Future manycore computing systems will only deliver increased performance if memory bandwidth improves also. Projected scaling of electrical DRAM architectures appears unlikely to suffice, being constrained by pin count and pin bandwidth, and by total chip power, including off-chip signaling, cross-chip interconnect, and bank access energy.

In this work, we redesign the main memory system using a proposed monolithically integrated silicon photonics technology and show that it provides a promising solution to all of these issues. Photonics can provide high aggregate pin-bandwidth density through dense wavelength-division multiplexing (DWDM). Photonic signaling also provides energy-efficient long-range communication, which we exploit to not only reduce chip-chip link power but also extend on to the DRAMs to reduce cross-chip interconnect power. To balance these large improvements in interconnect bandwidth and power, we must also improve the energy efficiency of the DRAM banks themselves, as we now require many concurrently accessed banks to support the available bandwidth. We explore decreasing the number of bits activated per bank to increase the banks' energy efficiency. Since DRAM chips are a very cost-sensitive commodity, we weigh these efficiency gains against any area overhead. Due to the immature nature of photonics technology, we explore a large design space to capture plausible designs for a range of different technology assumptions. Our most promising design point yields approximately a 10x improvement in power for the same throughput as a projected future electrical-only DRAM, with slightly reduced area.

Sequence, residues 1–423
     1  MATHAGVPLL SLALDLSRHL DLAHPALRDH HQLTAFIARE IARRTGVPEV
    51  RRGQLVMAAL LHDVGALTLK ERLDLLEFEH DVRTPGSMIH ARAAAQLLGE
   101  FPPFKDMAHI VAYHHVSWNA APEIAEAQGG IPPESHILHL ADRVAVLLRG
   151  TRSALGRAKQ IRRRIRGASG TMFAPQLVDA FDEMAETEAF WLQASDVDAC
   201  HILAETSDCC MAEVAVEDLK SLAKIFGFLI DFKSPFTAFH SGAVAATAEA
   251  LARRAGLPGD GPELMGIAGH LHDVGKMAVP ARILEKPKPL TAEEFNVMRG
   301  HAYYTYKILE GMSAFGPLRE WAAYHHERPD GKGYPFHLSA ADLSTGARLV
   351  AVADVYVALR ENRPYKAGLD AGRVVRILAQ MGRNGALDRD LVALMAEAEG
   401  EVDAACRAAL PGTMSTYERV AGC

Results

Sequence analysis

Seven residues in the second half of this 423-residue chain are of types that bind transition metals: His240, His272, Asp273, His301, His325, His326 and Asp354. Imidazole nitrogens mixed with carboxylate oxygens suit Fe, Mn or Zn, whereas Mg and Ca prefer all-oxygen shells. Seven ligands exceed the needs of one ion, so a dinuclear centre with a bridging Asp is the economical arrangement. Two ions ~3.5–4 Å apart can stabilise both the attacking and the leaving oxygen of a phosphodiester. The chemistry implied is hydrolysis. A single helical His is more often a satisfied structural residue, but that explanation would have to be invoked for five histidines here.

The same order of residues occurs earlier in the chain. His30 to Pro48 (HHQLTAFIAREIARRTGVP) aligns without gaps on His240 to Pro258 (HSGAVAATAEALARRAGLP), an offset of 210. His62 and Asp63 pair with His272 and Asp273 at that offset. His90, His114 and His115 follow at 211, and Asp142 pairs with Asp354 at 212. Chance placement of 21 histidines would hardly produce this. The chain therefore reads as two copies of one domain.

Finally, we propose a new form of optical power guiding which increases the scalability of our memory architecture and allows for a single chip design to be used in both high capacity or high bandwidth memory configurations.




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